All the main parties in Northern Ireland, other than Sinn Féin, have indicated that the current brand of mandatory coalition at Stormont is not a system which they would choose to operate in the medium to long term. They acknowledge, uniformly, that safeguards must be built into our regional government to ensure that power-sharing is maintained, but there is consensus that the present arrangement lacks accountability, enervates democracy and breeds inefficiency.
Problematically, however, with republicans explicitly wedded to carve-up government and the DUP more tacitly so, there is little prospect that the Assembly will feature an official opposition in the foreseeable future. Which leaves the parties, and in particular the two that have taken their positions in the Executive, only to find themselves frozen out of decision making, with the task of reimagining how the existing structures might be better put to work.
Although the carve-up coalition partners might be the current beneficiaries of the ‘huckster’s shop’ (to quote Sir Reg Empey) which they have operated at Stormont, even they cannot be complacent about dysfunctional government. Alex Kane wrote in yesterday’s News Letter about disconnect between the electorate and an ineffective Assembly. Unaccountable government makes for a disengaged public and low voter turn-out.
All the impetus during the DUP / SF spell of government has been towards emasculating the Assembly and empowering ministers. Indeed a further power grab has attempted to curtail even the Executive’s decision making function (where four parties are at least nominally involved) and concentrate it within the Office of the First and Deputy First Ministers, locus of Stalinist carve-up politics under Robinson and McGuinness. This is the arrangement which Slugger’s Pete Baker describes as a ‘semi-detached polit-bureau’.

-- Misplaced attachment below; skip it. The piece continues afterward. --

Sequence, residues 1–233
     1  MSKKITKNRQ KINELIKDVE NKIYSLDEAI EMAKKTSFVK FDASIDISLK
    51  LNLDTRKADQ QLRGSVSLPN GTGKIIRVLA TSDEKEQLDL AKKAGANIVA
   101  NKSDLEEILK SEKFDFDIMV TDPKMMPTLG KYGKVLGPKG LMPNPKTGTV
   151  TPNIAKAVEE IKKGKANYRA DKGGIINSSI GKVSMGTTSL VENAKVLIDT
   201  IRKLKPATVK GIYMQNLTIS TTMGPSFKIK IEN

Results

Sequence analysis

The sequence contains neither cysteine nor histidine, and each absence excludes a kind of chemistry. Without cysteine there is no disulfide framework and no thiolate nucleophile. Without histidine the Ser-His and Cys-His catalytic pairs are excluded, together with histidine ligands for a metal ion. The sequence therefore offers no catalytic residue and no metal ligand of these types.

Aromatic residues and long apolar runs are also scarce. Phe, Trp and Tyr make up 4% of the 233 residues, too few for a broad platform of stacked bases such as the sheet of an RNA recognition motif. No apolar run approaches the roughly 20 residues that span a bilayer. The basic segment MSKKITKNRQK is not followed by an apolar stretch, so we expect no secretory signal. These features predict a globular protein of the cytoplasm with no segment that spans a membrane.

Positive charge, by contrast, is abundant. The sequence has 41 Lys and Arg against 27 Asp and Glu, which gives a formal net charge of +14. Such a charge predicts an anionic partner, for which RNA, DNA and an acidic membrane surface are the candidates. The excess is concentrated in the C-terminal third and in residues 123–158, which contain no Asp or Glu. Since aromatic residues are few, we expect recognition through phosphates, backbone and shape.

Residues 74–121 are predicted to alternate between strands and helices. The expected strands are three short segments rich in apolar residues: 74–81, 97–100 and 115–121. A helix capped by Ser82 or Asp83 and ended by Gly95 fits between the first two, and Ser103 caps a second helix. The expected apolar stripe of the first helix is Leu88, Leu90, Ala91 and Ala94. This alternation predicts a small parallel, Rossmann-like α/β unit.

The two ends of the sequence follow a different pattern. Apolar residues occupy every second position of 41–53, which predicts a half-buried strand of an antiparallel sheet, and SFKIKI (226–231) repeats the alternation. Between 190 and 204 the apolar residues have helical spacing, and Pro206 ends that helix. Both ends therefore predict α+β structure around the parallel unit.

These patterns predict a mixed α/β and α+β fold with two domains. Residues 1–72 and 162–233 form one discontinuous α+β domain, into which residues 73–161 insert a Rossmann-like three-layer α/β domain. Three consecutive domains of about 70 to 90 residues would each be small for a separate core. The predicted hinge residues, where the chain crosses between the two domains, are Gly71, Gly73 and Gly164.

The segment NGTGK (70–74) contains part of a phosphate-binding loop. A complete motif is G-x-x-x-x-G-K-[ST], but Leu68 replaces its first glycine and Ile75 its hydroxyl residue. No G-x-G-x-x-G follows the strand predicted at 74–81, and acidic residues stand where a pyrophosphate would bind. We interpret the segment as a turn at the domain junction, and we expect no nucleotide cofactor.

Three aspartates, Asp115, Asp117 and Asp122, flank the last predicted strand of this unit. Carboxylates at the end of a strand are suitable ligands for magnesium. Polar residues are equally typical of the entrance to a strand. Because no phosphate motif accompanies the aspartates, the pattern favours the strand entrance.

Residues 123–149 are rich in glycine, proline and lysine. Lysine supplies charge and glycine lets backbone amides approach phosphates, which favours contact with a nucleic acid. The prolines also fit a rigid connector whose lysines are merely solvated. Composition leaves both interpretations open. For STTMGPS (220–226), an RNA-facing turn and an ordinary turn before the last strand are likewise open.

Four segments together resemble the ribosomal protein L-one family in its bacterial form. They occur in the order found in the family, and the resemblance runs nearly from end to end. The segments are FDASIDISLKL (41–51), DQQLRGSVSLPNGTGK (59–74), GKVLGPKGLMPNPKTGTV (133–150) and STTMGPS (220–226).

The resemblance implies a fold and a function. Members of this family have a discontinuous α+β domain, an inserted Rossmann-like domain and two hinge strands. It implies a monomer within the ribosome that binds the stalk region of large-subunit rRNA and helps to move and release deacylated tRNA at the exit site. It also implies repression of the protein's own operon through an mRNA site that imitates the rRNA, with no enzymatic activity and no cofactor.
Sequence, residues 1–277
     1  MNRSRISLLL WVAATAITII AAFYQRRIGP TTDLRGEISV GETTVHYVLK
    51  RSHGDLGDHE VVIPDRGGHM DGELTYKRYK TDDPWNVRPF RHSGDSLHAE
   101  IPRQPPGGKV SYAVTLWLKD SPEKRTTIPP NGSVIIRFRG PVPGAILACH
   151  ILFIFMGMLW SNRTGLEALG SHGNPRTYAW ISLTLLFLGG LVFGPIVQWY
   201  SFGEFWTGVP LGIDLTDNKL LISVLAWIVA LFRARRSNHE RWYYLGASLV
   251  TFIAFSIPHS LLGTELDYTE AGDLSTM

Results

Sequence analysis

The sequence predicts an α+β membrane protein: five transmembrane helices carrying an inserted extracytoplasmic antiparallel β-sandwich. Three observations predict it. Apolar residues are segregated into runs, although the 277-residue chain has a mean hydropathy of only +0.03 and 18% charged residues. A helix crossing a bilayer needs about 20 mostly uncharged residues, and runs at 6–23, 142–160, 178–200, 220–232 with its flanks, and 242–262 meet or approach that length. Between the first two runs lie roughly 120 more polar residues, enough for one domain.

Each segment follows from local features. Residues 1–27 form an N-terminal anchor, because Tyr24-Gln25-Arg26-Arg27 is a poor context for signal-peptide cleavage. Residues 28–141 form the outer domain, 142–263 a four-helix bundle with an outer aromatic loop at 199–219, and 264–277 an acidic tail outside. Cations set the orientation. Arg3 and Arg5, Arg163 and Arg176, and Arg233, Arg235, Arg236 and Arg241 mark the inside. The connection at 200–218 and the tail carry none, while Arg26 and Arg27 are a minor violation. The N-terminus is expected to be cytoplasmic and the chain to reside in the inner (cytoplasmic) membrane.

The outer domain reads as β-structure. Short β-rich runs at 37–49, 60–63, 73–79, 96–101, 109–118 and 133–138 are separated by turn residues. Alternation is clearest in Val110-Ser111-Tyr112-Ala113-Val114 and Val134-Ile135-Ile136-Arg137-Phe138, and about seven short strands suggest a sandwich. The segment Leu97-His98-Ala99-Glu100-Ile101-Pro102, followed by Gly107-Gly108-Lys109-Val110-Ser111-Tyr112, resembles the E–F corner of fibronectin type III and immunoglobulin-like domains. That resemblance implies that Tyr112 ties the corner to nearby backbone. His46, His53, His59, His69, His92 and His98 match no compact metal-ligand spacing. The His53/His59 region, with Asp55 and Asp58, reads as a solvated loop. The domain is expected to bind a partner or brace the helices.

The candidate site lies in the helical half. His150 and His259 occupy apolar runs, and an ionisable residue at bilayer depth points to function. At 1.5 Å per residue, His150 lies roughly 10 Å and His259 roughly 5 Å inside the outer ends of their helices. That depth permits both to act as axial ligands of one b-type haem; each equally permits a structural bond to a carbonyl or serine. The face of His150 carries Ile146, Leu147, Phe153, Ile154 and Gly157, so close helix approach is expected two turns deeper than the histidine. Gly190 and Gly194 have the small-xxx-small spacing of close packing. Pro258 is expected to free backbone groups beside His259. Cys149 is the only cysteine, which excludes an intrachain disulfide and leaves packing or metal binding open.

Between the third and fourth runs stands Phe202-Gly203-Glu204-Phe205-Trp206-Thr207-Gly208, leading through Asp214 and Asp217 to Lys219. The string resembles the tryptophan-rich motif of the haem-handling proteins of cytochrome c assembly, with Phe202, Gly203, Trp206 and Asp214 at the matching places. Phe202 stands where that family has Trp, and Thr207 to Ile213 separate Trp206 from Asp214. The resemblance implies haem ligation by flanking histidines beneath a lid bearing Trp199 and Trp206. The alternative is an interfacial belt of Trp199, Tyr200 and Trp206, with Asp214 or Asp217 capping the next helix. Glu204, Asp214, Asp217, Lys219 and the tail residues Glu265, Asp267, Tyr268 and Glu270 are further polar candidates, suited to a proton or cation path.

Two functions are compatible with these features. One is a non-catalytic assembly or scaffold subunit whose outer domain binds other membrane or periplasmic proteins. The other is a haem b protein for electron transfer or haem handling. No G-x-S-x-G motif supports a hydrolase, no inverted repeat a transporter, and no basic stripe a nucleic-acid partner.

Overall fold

At national level David Cameron has announced his intention to recalibrate the relationship between legislature and executive. It is appropriate that the Conservatives’ partners in Northern Ireland, the Ulster Unionist Party, have advanced ideas as to how the Assembly might better oversee and hold accountable its Executive, at local level. Deputy leader, Danny Kennedy, pondering Stormont’s inner workings, must start from a much lower base than the House of Commons offers Cameron. It is a case of carving out for the Assembly any type of meaningful, independent legislative role.
Whilst criticism has been made of the committee system at Westminster, Stormont committees are feeble organs in comparison. Kennedy estimates that committee business commands just 0.5% of Assembly time. In contrast 81% of business is comprised of private members motions which, no matter how well supported they might be, do not bind ministers. The result is that Stormont really is the much maligned ‘talking shop’ of popular legend. Kennedy wants to see legislation properly scrutinised and revised by committees.
Any initiative which would make the Executive more accountable to the Assembly from which it is drawn should be welcomed and examined carefully. The novelty value of Northern Ireland’s government has long since worn thin and voters will only play their part if the structures are seen to be relevant and responsive. Nationally the expenses scandal precipitated a debate about parliament’s function and its relationship to government. A similar discussion is long overdue at Stormont.